Welcome to another session of Turning Pages!
Synopsis: Sixteen-year-old Jules Verity - whose last name does indeed mean "truth" - can't stop herself from blurting the truth. All of it. All the time. The weird thing is, though, that she can't exactly recognize it as truth. She normally can't recognize the sentences and phrases she blurts out as... anything. Her best friend, Cami, calls it "Psychic Tourette's Syndrome, which is also inaccurate, but whatever it is, it's caused Jules to be fired from every single job she's ever had and to be regarded as somewhat of a freak in the quirky small town of Lunevale. If she'd stop fighting it, her Gran assures her, her gift would sort itself out. All of the Verity women have some sort of gift; Gran helps people find their true love, while Jules' mother can tell the provenance of anything, making her a very useful sort of antique dealer. Jules can't figure out what her gift is good for, and only wishes to get rid of it, buy a car, and drive out of town, in that order. Oh, and if she could somehow separate Grayson Chandler, the boy she's been crushing on since the sixth grade, from his perfect girlfriend, Bree, her life would also be improved. Unfortunately, the thing with Grayson is not going to happen - Bree is way too sweet, and Jules is not like that, anyway -- and Jules' dream of buying a car (and avoiding her Gran's hot pink electric golf cart) are derailed when her mother announces she's traveling to Europe on a buying trip - and plans on the antique store for the summer. Without her usual summer gig, Jules is at a loose end until she meets Henry VIII at the antique shop - Hank Bacon in costume. She blurts out something odd to him, but only later she finds out it means that Tudor Times, Hank's mansion-turned-dinner-theater which once belonged to the Lunes who founded the town, will have an opening. Jules rapidly finds herself employed - but not some gorgeous Tudor princess, but as a mad nun who spouts prophesy. Regardless of the fact that this is one job she can't possibly get fired from, things get dicey the first day -- Jules, trying to hide her black-swathed nun's outfit from Grayson's eyes, trips a switch, finds a secret room and - falls over a dead body. Which, when she screams and finds her way OUT of the secret room, disappears.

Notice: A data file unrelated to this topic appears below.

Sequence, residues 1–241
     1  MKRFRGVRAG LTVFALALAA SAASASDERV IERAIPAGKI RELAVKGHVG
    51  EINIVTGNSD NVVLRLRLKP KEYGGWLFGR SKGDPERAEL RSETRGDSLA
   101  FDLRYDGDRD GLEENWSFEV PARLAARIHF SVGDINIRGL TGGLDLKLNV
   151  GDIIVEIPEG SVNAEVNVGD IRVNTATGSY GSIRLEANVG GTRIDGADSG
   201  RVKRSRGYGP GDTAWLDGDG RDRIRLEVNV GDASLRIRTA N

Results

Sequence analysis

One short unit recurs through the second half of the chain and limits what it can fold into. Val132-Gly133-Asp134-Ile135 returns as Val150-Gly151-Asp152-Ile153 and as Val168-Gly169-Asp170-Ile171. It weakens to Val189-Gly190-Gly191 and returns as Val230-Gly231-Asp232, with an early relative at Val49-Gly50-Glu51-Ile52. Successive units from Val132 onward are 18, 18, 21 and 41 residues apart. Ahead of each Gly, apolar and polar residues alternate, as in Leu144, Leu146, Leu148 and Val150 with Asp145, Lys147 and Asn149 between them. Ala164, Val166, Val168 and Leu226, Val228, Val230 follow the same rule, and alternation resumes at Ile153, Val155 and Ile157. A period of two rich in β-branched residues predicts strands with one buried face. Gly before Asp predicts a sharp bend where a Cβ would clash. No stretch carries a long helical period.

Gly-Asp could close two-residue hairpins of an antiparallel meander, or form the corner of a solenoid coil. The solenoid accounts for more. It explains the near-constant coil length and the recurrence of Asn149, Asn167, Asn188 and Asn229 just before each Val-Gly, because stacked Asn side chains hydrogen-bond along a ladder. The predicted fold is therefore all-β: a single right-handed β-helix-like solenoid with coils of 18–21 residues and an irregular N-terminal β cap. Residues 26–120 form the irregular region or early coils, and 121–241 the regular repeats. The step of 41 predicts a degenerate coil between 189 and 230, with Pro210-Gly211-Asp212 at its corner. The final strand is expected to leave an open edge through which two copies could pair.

It is seriously shaping up to be a LONG, weird summer.
Observations: This book is a ROMP. I love the whole RenFaire vibe, costuming, dinner theater, and all of that - it is a rich, rich setting. Add in Jules' particular "gifts" and the whole thing is just over-the-top awesome. The novel is the kind of deliciously delirious, frothy fun that I love to read in cozy mysteries. It is JUST. TOO. SHORT. I wanted more, more, more - reader greed will bite you badly with this novel.
My cry of "more" can be said of a lot of things: the characters, the town (LUNEVALE. I mean, come ON, it's like Nightvale only...weirder? Is that possible?) the length, yes, but also the emotional detail. We know that Jules is twisted in the clutches of a crush, but we don't really know... why. The way we like people in the sixth grade has to change if we still are crushing that hard sophomore year. What is it about Grayson - other than his resemblance to Prince Wesley and his stunning abs - that make him swoonworthy? I wanted Jules to dig deeper into her own emotions - I know that in many ways, the novel was action focused - that made it really, really fun - but I would have loved to slow down and really feel Jules' emotions of sheer terror, anger, and disgust. She's sometimes just a bit unflappable. Except about Grayson, which, okay, got it: she's crushing.
There is diversity in this novel, but I wanted more of that too - essentially, a deeper exploration of the choices and the emotions behind the discovery. I'll leave it there to avoid spoilers, but if there's anything I'm mildly critical of in the novel, it's that both the emotion and the resolution were just handed to us as faits accompli, which robbed the narrative of a texture and depth it could have really developed. I wanted a little backstory, a little...depth to the Verity family magic as well. If I couldn't have it in this book, I'll accept a sequel. Just putting that out there, Entangled Teen, and Ms. Held. Just putting that out there...
Conclusion: The Verity's are hilarious; Jules is amazing, and this absolutely fantastic debut novel feels like a gift you give to yourself. A quick, light, funny read, the book will leave readers happily clamoring for more.
I received my copy of this book courtesy of the publisher. After March 1, you can find HOLDING COURT by K.C. Held at an online e-tailer, or at a real life, independent bookstore near you!